You don’t notice it do you? I’m used to feeling ‘bad’ so I don’t notice it. I don’t notice that it’s moved in, bit by bit, quietly and sneakily. Then, one day, I ask myself when was the last time you actually enjoyed a run? I can’t really remember. Every run has been a countdown, a pretty agonising countdown, to the finish. At the finish there hasn’t been any warm glow of achievement but rather relief that it was over and disappointment in my performance,m. Well maybe that’s Marathon training? You see you can excuse feeling bad pretty much all the time… I’m tired; I’ve got a lot on; it’s just one of those days; and so on.
So I cast my mind back. Fair enough if marathon training was sucking the fun out of running, it happens. So I tried to think about other things I enjoyed and I found myself staring back into months of greyness. For example I love autumn, I adore the colours and how the air feels but this year I have been emotionless. Acknowledging that oh that’s nice but not feeling anything.
Then I noticed how I have been withdrawing, how going out is getting much harder and that there are excuses aplenty: I can’t go to the shop, I’m too tired. I need to rest to just have enough energy to do the things that I have to do eg the school run. The last few evenings I haven’t cooked the evening meal but instead have had to wait for the husband to come home.
And there’s the shakes. I used to get the shakes a lot back when I was still working. My classes were very familiar with my shaking hands and we’d joke about them. Have you ever tried placing a lit split in a test tube of hydrogen with shaking hands? It’s certainly a challenge! Back then I was given propranolol and that stopped the shakes, which was fantastic. Now I avoid propranolol as it stops me running. The shakes are anxiety but it’s all part of the same not-being-well package.
One of the things I have to be mindful of is feeling an emotion, like being depressed, and feeling like it has always been that way – that’s a side effect of BPD. I thought back and I remembered weeks ago that I had slightly increased my antidepressant dose. Antidepressants are great when they work but they are not meds to mess with so if I had decided to increase my dose several weeks ago then I must have been feeling bad for weeks before that too. Funny how with a busy life time passes.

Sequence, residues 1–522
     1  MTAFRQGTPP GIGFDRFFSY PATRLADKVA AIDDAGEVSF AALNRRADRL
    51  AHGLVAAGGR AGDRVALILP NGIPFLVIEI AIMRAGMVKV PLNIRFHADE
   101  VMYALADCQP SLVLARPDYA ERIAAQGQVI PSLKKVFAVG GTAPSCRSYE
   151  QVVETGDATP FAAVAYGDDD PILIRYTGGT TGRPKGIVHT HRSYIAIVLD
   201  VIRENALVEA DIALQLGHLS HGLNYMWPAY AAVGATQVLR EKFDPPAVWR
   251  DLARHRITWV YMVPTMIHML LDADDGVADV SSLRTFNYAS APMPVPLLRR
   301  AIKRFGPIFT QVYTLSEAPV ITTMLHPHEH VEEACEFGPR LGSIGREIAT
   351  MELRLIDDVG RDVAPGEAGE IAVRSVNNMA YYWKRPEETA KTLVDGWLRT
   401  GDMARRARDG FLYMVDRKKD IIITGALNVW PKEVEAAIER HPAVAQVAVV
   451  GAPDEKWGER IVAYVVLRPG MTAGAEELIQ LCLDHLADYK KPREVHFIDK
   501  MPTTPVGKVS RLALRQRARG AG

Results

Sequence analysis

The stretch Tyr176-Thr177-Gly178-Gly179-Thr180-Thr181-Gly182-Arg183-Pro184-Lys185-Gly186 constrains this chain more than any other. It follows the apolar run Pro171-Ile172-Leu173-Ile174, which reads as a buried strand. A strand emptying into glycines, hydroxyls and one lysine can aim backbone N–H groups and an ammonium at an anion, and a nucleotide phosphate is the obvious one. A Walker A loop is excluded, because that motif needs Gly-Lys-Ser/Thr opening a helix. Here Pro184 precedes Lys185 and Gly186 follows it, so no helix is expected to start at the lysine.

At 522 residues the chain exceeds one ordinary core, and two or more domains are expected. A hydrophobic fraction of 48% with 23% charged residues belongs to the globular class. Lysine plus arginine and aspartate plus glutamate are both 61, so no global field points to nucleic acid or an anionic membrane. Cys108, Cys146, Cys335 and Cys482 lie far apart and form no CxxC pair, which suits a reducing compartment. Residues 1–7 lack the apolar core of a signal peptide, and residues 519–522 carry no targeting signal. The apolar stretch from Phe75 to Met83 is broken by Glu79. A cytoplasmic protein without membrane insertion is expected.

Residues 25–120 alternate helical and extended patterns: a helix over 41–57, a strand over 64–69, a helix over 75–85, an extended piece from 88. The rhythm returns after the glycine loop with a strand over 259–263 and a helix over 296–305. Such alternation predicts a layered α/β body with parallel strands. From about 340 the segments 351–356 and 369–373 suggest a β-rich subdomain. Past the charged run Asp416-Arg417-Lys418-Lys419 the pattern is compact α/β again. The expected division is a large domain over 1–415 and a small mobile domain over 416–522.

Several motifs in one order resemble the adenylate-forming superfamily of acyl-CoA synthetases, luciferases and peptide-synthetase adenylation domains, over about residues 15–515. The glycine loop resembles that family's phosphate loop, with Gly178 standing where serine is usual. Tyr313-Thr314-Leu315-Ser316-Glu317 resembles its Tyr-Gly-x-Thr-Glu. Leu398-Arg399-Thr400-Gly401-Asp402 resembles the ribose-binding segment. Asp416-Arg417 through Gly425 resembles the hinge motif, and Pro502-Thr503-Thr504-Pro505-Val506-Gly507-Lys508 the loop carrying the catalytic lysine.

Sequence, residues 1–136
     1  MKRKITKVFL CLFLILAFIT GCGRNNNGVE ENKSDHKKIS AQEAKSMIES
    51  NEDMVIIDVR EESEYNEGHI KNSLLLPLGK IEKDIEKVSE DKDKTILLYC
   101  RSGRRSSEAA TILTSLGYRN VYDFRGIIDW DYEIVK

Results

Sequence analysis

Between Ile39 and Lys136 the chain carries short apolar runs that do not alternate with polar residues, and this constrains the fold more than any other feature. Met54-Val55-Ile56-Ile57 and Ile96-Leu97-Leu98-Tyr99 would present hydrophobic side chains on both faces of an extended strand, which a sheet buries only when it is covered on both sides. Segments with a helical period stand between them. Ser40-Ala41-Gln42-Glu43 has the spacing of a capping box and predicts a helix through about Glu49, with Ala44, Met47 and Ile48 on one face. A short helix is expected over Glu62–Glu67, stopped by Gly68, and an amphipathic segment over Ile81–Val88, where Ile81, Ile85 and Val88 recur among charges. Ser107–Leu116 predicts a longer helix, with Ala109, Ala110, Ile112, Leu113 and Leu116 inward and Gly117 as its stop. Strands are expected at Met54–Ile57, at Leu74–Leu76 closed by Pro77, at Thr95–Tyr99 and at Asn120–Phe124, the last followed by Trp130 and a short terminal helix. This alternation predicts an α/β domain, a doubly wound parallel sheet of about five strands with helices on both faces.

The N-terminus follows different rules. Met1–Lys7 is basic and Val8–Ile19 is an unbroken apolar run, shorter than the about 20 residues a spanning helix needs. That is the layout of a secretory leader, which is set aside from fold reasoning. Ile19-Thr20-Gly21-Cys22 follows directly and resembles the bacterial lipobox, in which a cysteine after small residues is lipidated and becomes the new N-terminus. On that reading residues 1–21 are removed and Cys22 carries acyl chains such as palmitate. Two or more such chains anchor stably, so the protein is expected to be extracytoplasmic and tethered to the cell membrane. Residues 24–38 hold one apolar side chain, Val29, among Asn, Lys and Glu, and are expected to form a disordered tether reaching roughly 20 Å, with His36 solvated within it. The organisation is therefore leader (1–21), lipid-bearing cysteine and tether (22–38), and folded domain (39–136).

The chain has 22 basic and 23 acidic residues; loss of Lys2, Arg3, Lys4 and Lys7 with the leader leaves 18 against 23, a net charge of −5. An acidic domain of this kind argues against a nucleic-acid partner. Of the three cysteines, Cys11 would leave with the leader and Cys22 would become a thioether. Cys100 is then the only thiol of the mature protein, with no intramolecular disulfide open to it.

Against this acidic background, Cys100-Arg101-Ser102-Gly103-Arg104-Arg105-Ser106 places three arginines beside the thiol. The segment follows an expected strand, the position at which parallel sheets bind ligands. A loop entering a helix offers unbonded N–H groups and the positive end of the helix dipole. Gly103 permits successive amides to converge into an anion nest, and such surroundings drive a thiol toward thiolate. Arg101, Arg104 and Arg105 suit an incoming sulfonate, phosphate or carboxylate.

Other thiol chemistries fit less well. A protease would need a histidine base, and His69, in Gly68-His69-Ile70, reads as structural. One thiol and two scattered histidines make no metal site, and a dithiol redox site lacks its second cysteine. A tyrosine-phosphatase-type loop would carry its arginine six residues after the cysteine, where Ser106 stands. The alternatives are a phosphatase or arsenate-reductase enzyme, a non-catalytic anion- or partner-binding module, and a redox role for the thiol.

Speaking of a busy life, I’m stressed (shaking hands, paranoid thoughts etc). I’m stressed because I have so much to do… but I’m not on top of it. I noticed that I’m behind on my reflexology homework (stress!), I noticed that I’m delaying our house sale because I haven’t done various things (stress!), that I only shower if absolutely necessary.
Well, there’s the evidence. It’s something I’d rather not see and it’s something that would rather stay hidden but that’s not going to help. Fortunately I have techniques to manage. A daily night time reminder for a mindfulness meditation, writing a to-do list to share out the responsibilities, accepting help (like the massive lie in that I had today), adjusting my goals (I read a timely and brilliant article about that in Nov18 Runner’s World p56). Self care.
Realising that I’m in a bad place can be upsetting but I’d rather not ruminate on that. Instead I’d rather plan my way through. Yes the marathon will happen in 8 days. At the moment I’m numb about that. I’ve also entered a 100 miles in October Race at your Pace virtual run. 100 miles is a realistic but challenging target to keep me moving. I’ve also decided to get into this heart rate training thing so that when I’m running I’m not busting a gut but taking it more easy and changing my focus.
Sometimes conditions change, well if we’re talking weather it changes all the time and we modify our plans. A decline in mental health is the same. I just need to modify my plans and make sure I have what I need and I’ll get there. Be gentle with yourselves fellow runners.